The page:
It’s a ‘Cryan shame’

Assemblyman’s emails raise questions about workplace policies on personal correspondence

Assemblyman Joe Cryan
Assemblyman Joe Cryan

UNION COUNTY — In the leadup to the impending Democratic primary, Union County voters will have a new element to consider when heading to the polls: Assemblyman Joe Cryan’s personal life.

But while the content of the nearly 10-year-old emails, sent to a woman later convicted of stalking him, revealed in a New York Post expose earlier in the week may be shocking to most, the date and time stamps might be of greater concern to county taxpayers.

Especially because it appears Cryan, 51, wrote the sexually explicit emails while working for his full-time job at the Office of the Union County Sheriff, where he is paid $110,000 a year as undersheriff, and as a 20th District Assemblyman, an elected position for which he is paid $49,000 annually, both of which are supported by taxpayer dollars. In fact, at times the emails even mix business with pleasure.

The emails, sent by the Democratic Assemblyman from District 20, and a former state Democratic chairman, puts the Union resident in a compromising position, in more ways than one. Cryan has spent the last several years rebuilding his political reputation in Trenton after a fallout in 2006 from the sexual relationship he denied ever took place.

The release of the tawdry emails also could throw a political wrench into the primary race because Cryan’s assembly seat is up for grabs.

The majority of the more than 150 lascivious emails sent to and received from Karen Golding, a lobbyist who claimed she had an affair with the assemblyman beginning in 2004 when both were unmarried, were written from a private AOL email account. The time and date stamp, however, on a majority of the often short, but sexually explicit emails, took place during the hours Cryan would have been at one of his two government jobs.

And while it is impossible to tell from the emails released what type of device was used, the issue does beg the question of whether the use of government computers was involved. The use of government computers would be a clear violation of Union County’s employee handbook.

According to the county computer use policy, “security and confidentiality of information must not be compromised.”
The policy also stressed that all computers are “for government purposes only,” and “all non-government or non-job related use of the internet, email, data storage or network system is strictly prohibited.”

Prohibited uses also were mentioned in the policy, which lists, for example, “using obscene, defamatory, threatening, harassing or offensive language on the systems,” or “downloading, viewing, printing or distributing obscene, pornographic or adult material.”
The County Electronic Mail Management Policy also explained the legal requirements, establishing firm uniform procedures for the management of email.

Although Union County Public Information Director Sebastian D’Elia was reached for comment, as of Monday officials were not talking.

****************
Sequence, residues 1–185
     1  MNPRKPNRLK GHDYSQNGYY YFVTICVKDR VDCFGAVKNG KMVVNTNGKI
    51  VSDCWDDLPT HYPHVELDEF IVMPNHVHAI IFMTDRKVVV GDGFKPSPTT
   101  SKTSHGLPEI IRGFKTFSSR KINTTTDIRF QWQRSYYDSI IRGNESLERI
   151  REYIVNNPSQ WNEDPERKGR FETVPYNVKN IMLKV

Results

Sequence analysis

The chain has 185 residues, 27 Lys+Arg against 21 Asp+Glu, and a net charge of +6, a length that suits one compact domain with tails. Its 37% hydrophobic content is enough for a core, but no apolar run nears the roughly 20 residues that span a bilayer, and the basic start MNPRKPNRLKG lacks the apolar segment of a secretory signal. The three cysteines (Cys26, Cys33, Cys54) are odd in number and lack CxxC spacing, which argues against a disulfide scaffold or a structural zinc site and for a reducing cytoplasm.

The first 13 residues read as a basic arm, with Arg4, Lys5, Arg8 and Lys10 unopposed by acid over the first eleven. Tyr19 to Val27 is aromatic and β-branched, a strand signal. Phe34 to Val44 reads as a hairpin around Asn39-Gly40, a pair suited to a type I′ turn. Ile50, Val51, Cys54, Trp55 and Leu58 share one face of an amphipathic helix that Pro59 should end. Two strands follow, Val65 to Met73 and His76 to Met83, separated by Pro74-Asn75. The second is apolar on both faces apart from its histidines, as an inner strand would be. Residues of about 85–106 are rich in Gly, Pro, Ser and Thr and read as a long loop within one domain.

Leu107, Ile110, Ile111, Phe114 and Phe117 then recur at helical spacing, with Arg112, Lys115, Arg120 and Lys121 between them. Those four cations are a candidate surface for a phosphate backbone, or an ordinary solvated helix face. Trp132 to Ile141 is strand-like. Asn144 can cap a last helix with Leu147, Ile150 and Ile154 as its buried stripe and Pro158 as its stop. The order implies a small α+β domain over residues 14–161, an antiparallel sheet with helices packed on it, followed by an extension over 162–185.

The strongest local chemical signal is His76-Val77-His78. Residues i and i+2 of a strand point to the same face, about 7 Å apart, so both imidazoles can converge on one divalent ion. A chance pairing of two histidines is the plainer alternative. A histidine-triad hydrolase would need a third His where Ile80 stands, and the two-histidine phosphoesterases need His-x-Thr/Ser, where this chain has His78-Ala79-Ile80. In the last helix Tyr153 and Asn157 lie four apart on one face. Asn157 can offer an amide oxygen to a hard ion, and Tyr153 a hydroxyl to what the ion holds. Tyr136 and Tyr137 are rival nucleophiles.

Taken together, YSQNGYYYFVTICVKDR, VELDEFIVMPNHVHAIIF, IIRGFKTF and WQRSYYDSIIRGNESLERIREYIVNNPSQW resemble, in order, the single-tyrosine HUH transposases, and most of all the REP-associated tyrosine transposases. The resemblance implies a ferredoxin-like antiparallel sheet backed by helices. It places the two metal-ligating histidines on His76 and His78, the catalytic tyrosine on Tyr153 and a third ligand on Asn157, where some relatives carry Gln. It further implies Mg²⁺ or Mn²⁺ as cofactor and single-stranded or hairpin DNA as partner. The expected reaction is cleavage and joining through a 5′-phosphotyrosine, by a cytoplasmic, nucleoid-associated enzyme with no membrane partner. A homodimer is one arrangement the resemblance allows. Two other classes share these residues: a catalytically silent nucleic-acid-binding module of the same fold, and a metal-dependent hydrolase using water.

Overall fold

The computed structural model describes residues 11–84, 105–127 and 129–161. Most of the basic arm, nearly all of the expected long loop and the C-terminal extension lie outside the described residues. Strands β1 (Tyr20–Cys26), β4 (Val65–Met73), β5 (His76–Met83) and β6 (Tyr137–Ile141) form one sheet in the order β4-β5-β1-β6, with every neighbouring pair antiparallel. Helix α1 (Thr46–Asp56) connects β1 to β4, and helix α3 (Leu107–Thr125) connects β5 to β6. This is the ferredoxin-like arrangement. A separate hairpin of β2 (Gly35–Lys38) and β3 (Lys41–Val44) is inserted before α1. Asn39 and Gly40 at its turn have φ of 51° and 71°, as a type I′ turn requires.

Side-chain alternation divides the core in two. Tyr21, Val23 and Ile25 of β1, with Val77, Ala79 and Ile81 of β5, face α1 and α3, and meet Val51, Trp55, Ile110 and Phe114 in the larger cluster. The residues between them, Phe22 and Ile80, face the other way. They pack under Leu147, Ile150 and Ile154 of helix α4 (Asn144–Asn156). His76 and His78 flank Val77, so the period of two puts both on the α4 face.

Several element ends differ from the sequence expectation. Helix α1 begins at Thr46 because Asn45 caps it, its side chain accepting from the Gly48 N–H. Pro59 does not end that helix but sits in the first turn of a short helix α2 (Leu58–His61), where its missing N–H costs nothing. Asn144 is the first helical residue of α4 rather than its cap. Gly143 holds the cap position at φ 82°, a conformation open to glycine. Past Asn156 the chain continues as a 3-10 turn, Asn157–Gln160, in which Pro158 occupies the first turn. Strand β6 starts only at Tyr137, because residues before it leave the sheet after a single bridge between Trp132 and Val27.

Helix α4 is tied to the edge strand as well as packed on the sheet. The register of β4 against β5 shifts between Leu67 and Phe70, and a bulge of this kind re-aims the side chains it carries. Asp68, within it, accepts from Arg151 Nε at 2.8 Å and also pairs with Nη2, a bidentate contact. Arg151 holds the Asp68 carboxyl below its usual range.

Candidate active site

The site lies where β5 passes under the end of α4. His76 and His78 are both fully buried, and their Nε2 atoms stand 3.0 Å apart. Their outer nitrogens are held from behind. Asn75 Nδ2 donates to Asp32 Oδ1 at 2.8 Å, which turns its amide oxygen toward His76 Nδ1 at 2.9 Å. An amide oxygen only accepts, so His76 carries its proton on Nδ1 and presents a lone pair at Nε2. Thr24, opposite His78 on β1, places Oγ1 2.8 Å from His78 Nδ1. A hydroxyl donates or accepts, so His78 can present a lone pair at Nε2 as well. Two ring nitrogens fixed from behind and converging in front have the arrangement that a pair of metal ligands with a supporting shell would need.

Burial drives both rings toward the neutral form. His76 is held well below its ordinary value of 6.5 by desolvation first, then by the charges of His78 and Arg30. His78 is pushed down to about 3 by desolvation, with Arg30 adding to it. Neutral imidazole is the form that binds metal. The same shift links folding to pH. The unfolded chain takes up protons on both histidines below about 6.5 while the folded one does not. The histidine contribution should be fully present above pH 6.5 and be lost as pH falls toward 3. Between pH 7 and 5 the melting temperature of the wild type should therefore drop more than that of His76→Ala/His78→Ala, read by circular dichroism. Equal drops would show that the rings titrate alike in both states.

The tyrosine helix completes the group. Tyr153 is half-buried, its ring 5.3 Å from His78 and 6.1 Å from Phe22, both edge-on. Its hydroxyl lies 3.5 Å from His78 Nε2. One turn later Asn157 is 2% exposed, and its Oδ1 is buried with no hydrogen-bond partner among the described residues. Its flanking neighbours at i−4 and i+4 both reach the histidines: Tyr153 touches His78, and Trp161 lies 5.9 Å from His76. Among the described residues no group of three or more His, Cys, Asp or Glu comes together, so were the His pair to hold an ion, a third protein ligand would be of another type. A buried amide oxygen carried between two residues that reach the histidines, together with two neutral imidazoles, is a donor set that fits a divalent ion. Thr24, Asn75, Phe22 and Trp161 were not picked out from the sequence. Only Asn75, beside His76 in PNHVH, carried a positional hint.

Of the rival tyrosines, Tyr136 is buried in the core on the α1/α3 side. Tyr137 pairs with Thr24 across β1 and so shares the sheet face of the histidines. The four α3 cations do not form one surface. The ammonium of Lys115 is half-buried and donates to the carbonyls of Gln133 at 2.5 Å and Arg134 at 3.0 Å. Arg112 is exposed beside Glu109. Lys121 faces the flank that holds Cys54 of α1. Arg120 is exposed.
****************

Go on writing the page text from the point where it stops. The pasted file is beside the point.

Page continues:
“The county has no comment on the allegations, and will await any further information,” a statement from the county said.
Cryan’s superior at the sheriff’s department, though, was more than willing to speak about his employee Monday, just hours after the 150 emails were released by the New York Post.

“He is one heck of an undersheriff,” Union County Sheriff Ralph Froehlich said in a telephone interview.

“When it comes to budgeting, hiring, personnel, I couldn’t ask for more,” the sheriff added, noting that Cryan also was “loyal.”
Union County Democratic Chairman Charlotte DeFilippo, when reached Tuesday morning, was very willing to comment on the issue.

“I believe people’s private lives, especially two single people, are private,” she said, adding that “Joe Cryan is an able legislator who has done many innovative things for the hard working people of this state.”

But the emails themselves showing up in print was distressing to the powerful Democratic leader.

“I’m appalled at the level this sank to. Its unfortunate that this kind of tabloid sleazy journalism gets print,” DeFilippo said.
Tim Donohue, Cryan’s attorney, issued a statement late Monday about the release of the emails, down playing the importance.

“These emails are eight to ten years old. They would have all been written between two consenting adults who were single at the time,” he said, adding that “nearly all the emails were written on private accounts.”

“The fact of the matter is that Golding admitted under oath to relentlessly stalking an innocent woman and making her fear for her safety,” Donohue said, referring the woman Cryan was dating at the time and to whom he is now married.

Meanwhile, after the emails hit the street, Sussex County First Assistant Prosecutor Gregory Mueller said Monday he planed to further investigate the release of the emails, which were under seal in court offices.

But the release of the emails has at least raised a few eyebrows regarding the original criminal case from 2006.

As of deadline Tuesday, a New York Post follow up story reported New Jersey Attorney General Jeff Chiesa ordered a review of the Cryan-Golding case. The case originally drew attention when Cryan had more than a dozen investigators sent to arrest Golding after she let herself into his unlocked car and left a note behind.

In 2006, prosecutors were cleared of any wrongdoing following an investigation by the attorney general, but according to the New York Post article, affidavits show Cryan denied any relationship ever took place, and Golding ultimately pled guilty.

The emails would seem to suggest otherwise, and that the two were at the very least lovelorn pen pals engaging in a private and very personal exchange.